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Yes, Virginia, There is a Santa Claus. Thank God!
Sam Elliott reads Virginia's letter to Santa Claus
Does Santa Still Live?
My children are growing older. The youngest is seven already, and the question persists, "Mommy, tell the truth. Is Santa real?"
I always say yes. Even to my twenty-something children. Yes he is real. As real as anything you can imagine. I tell them that we get his phone number when we have children, so that we may call him anytime. They don't believe that part anymore. But they still wonder. And so do I. They wonder about the possibility of magic. They wonder at the possibility of miracles. They wonder at the possibility of manifesting the impossible. I tell them, yes, it is true.
Miracles and magic happen every day in our lives, if we open our eyes and look for them. Most of the time, we live with our eyes closed. Not literally, of course, but our spiritual eyes are closed to the wonder of the world around us.
Looking around me, I see the existence of Santa everywhere. It is in the smiles of the usually grumpy Wal-mart workers. It is in my children, shoveling snow for our elderly neighbor. It is in the lawyer up the street, using his snow blower, clearing snow for blocks. This time of year, the spirit of Christmas, the spirit of Santa exists all around. One only need look beyond the end of the nose to see kindness. And when we see kindness, a strange thing happens. We become kind ourselves.
Tenzin Gytaso said, "If you want others to be happy, practice compassion. If you want to be happy, practice compassion."
Not only during the holiday season, but all year around, it is possible to have compassion for those we encounter. Everyone struggles in this life, and it brings great joy to show compassion for the suffering of others.
The spirit of Christmas lives on, as we practice kindness to ourselves and each other. It is important to always be kind to yourself. No one will be kinder to you than you are to yourself. And to keep Santa alive, we only need to keep being kind, sharing love, and offering forgiveness.
Yes, Virginia, There Is A Santa Claus
The Original Article
Yes, Virginia, There is a Santa Claus
The original article was first published in the New York Sun. This letter has been oft repeated, but the message bears telling again and again. There is a Santa Claus, and he lives in the hearts of all who believe.
There is a God, and he too lives in the hearts of all who believe. It is up to those of us who do believe to share with others the love, forgiveness and compassion of that being which is greater than ourselves. When we withhold judgement and condemnation and offer love, peace and forgiveness, then we can find the true meaning of Christmas.
By Francis P. Church, first published in The New York Sun in 1897. [See The People’s Almanac, pp. 1358–9.]
We take pleasure in answering thus prominently the communication below, expressing at the same time our great gratification that its faithful author is numbered among the friends of The Sun:
I am 8 years old. Some of my little friends say there is no Santa Claus. Papa says, “If you see it in The Sun, it’s so.” Please tell me the truth, is there a Santa Claus?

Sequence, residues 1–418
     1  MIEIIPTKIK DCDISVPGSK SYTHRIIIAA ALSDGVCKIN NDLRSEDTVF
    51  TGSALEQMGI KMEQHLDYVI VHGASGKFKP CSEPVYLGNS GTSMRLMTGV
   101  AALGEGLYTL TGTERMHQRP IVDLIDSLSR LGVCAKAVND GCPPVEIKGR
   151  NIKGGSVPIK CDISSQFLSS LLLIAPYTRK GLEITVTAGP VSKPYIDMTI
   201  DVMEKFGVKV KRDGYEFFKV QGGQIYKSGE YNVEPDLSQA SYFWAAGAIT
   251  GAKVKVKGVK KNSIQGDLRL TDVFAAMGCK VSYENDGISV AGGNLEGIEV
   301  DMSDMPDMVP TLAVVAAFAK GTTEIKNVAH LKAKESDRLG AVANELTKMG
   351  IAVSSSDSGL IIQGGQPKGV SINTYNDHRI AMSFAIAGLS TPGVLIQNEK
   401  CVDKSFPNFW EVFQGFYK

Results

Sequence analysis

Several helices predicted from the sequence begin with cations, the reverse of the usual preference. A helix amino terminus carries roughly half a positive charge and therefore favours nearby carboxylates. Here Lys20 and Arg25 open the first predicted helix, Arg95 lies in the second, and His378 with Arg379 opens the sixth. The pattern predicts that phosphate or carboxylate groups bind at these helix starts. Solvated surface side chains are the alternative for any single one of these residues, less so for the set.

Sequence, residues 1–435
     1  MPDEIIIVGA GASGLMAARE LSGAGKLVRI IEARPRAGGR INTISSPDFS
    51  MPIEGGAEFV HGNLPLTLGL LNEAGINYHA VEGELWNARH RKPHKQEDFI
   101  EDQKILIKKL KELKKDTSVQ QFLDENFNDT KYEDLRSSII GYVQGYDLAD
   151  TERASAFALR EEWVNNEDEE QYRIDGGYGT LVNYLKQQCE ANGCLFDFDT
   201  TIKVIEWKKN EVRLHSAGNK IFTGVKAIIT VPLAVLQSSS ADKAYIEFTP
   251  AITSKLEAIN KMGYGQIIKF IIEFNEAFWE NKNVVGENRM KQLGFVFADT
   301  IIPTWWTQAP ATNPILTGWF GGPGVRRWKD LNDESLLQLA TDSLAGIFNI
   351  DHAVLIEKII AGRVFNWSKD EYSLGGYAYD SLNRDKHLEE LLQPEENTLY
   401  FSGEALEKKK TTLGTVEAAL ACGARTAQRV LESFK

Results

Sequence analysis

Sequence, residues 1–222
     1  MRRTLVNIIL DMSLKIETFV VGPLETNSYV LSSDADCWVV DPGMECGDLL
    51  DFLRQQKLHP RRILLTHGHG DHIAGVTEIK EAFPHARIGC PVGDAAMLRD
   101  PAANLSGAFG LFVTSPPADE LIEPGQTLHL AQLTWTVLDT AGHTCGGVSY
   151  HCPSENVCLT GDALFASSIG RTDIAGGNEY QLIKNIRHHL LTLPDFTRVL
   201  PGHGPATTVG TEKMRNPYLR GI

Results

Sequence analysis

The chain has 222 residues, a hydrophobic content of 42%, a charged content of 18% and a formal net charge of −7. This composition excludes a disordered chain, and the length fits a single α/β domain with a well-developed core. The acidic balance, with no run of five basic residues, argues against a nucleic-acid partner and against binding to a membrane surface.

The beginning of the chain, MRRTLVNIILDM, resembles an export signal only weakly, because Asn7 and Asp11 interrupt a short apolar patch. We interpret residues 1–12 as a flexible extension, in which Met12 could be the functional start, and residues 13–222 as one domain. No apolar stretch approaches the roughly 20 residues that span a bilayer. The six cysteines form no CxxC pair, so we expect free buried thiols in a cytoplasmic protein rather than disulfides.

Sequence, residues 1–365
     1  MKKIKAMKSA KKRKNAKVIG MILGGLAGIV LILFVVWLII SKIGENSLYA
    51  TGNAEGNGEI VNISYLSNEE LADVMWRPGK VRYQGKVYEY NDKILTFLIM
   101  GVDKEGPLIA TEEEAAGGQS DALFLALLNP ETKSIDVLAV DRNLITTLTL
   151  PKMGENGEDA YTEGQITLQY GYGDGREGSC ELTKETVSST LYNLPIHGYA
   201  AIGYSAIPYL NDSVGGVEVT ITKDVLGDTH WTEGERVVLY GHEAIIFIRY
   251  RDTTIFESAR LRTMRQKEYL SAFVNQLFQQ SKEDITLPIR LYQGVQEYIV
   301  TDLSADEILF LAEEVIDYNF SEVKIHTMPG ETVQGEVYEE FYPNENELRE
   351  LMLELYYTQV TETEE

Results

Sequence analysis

Virginia, your little friends are wrong. They have been affected by the skepticism of a skeptical age. They do not believe except they see. They think that nothing can be which is not comprehensible by their little minds. All minds, Virginia, whether they be men’s or children’s, are little. In this great universe of ours, man is a mere insect, an ant, in his intellect as compared with the boundless world about him, as measured by the intelligence capable of grasping the whole of truth and knowledge.
Yes, Virginia, there is a Santa Claus. He exists as certainly as love and generosity and devotion exist, and you know that they abound and give to your life its highest beauty and joy. Alas! how dreary would be the world if there were no Santa Claus! It would be as dreary as if there were no Virginias. There would be no childlike faith then, no poetry, no romance to make tolerable this existence. We should have no enjoyment, except in sense and sight. The eternal light with which childhood fills the world would be extinguished.
Not believe in Santa Claus! You might as well not believe in fairies. You might get your papa to hire men to watch in all the chimneys on Christmas eve to catch Santa Claus, but even if you did not see Santa Claus coming down, what would that prove? Nobody sees Santa Claus, but that is no sign that there is no Santa Claus. The most real things in the world are those that neither children nor men can see. Did you ever see fairies dancing on the lawn? Of course not, but that’s no proof that they are not there. Nobody can conceive or imagine all the wonders there are unseen and unseeable in the world.
You tear apart the baby’s rattle and see what makes the noise inside, but there is a veil covering the unseen world which not the strongest man, nor even the united strength of all the strongest men that ever lived could tear apart. Only faith, poetry, love, romance, can push aside that curtain and view and picture the supernal beauty and glory beyond. Is it all real? Ah, Virginia, in all this world there is nothing else real and abiding.
No Santa Claus! Thank God! he lives and lives forever. A thousand years from now, Virginia, nay 10 times 10,000 years from now, he will continue to make glad the heart of childhood.